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This, then, is our universe as Herschel conceives it--

a vast galaxy of suns, held to one centre, revolving,

poised in space. But even here those marvellous telescopes

do not pause. Far, far out beyond the confines

of our universe, so far that the awful span of our own

system might serve as a unit of measure, are revealed

other systems, other universes, like our own, each composed,

as he thinks, of myriads of suns, clustered like

our galaxy into an isolated system--mere islands of

matter in an infinite ocean of space. So distant from

our universe are these now universes of Herschel's discovery

that their light reaches us only as a dim, nebulous

glow, in most cases invisible to the unaided eye.

About a hundred of these nebulae were known when

Herschel began his studies. Before the close of the

century he had discovered about two thousand more of

them, and many of these had been resolved by his

largest telescopes into clusters of stars. He believed

that the farthest of these nebulae that he could see

was at least three hundred thousand times as distant

from us as the nearest fixed star. Yet that nearest

star--so more recent studies prove--is so remote that

its light, travelling one hundred and eighty thousand

miles a second, requires three and one-half years to

reach our planet.

As if to give the finishing touches to this novel

scheme of cosmology, Herschel, though in the main

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very little given to unsustained theorizing, allows himself

the privilege of one belief that he cannot call upon

his telescope to substantiate. He thinks that all the

myriad suns of his numberless systems are instinct with

life in the human sense. Giordano Bruno and a long

line of his followers had held that some of our sister

planets may be inhabited, but Herschel extends the

thought to include the moon, the sun, the stars--all the

heavenly bodies. He believes that he can demonstrate

the habitability of our own sun, and, reasoning from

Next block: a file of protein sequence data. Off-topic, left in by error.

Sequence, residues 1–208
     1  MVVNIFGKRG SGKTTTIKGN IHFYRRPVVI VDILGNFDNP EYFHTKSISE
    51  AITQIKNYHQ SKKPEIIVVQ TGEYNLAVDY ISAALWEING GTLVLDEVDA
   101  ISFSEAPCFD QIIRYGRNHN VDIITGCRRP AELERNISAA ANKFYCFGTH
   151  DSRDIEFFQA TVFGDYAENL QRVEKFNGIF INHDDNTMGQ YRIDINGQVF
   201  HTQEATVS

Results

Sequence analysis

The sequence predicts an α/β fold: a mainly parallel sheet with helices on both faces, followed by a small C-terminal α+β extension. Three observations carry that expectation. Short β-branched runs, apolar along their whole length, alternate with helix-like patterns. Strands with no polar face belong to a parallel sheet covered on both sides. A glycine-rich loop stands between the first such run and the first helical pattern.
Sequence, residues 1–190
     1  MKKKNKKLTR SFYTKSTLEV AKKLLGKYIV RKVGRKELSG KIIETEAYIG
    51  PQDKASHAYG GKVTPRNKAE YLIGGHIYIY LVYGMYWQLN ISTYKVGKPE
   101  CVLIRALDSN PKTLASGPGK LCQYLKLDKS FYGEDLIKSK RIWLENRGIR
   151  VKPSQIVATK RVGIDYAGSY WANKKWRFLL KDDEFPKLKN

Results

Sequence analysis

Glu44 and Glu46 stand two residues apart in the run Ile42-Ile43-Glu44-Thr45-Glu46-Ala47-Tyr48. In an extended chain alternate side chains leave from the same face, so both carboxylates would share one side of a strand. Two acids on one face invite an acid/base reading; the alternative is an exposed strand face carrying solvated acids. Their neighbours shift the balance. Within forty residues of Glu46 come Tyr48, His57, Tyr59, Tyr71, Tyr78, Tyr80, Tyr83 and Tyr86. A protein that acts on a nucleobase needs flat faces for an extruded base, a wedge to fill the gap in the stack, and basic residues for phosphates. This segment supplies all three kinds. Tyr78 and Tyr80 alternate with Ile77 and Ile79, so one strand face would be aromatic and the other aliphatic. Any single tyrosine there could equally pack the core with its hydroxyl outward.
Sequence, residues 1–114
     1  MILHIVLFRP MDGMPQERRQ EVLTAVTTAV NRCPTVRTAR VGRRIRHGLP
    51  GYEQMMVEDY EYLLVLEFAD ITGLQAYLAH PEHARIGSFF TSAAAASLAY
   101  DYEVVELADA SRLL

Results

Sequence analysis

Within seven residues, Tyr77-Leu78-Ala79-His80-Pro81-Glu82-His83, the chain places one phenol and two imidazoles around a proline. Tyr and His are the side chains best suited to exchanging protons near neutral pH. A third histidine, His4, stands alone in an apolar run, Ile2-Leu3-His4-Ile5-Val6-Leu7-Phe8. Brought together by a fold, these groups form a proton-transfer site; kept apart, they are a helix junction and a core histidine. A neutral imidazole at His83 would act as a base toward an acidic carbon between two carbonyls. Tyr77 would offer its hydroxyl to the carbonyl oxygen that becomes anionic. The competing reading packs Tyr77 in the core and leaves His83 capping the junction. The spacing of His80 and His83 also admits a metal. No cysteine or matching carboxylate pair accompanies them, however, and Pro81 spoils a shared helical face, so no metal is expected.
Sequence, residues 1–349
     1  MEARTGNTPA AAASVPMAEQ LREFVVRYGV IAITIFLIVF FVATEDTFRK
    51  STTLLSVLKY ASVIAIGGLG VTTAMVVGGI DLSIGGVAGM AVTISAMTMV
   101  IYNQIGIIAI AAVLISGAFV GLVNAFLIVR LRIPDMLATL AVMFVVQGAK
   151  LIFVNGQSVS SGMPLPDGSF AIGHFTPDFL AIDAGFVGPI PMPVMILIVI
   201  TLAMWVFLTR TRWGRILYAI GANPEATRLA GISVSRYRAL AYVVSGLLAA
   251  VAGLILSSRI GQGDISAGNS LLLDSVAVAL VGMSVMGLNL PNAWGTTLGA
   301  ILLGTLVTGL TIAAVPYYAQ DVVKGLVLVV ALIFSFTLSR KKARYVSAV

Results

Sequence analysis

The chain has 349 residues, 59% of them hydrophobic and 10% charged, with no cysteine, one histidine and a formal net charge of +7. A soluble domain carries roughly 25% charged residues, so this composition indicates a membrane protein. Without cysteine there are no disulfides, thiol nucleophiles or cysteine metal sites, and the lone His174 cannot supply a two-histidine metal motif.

analogy, he is firmly convinced that all the suns of all

the systems are "well supplied with inhabitants." In

this, as in some other inferences, Herschel is misled by

the faulty physics of his time. Future generations,

working with perfected instruments, may not sustain

him all along the line of his observations, even, let alone

his inferences. But how one's egotism shrivels and

shrinks as one grasps the import of his sweeping


Continuing his observations of the innumerable nebulae,

Herschel is led presently to another curious speculative

inference. He notes that some star groups are

much more thickly clustered than others, and he is led

to infer that such varied clustering tells of varying

ages of the different nebulae. He thinks that at first

all space may have been evenly sprinkled with the

stars and that the grouping has resulted from the

action of gravitation.

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"That the Milky Way is a most extensive stratum of

stars of various sizes admits no longer of lasting doubt,"

he declares, "and that our sun is actually one of the

heavenly bodies belonging to it is as evident. I have

now viewed and gauged this shining zone in almost

every direction and find it composed of stars whose


constantly increases and decreases in proportion

to its apparent brightness to the naked eye.

"Let us suppose numberless stars of various sizes,

scattered over an indefinite portion of space in such

a manner as to be almost equally distributed throughout

the whole. The laws of attraction which no doubt

extend to the remotest regions of the fixed stars will

operate in such a manner as most probably to produce

the following effects:

"In the first case, since we have supposed the stars

to be of various sizes, it will happen that a star, being

considerably larger than its neighboring ones, will attract

them more than they will be attracted by others

that are immediately around them; by which means

they will be, in time, as it were, condensed about a

centre, or, in other words, form themselves into a cluster

of stars of almost a globular figure, more or less

regular according to the size and distance of the surrounding